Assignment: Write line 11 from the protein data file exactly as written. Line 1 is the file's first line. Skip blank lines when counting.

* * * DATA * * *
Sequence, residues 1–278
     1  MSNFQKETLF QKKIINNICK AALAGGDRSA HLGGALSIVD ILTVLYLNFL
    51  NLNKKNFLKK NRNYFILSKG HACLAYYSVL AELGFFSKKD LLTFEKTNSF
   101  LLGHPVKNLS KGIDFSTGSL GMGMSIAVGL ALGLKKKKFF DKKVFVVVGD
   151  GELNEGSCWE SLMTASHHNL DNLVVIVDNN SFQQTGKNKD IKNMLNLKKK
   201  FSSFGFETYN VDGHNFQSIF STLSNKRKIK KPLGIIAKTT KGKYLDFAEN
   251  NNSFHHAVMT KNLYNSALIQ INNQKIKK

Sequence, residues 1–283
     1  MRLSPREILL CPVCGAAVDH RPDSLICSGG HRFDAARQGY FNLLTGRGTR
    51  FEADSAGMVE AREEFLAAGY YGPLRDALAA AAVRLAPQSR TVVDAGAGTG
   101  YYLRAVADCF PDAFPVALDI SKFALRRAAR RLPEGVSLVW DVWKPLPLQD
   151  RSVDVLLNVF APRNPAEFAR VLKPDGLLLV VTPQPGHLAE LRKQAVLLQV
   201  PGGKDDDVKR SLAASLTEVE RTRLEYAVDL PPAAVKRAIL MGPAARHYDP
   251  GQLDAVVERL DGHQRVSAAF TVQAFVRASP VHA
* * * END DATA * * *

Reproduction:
   101  YYLRAVADCF PDAFPVALDI SKFALRRAAR RLPEGVSLVW DVWKPLPLQD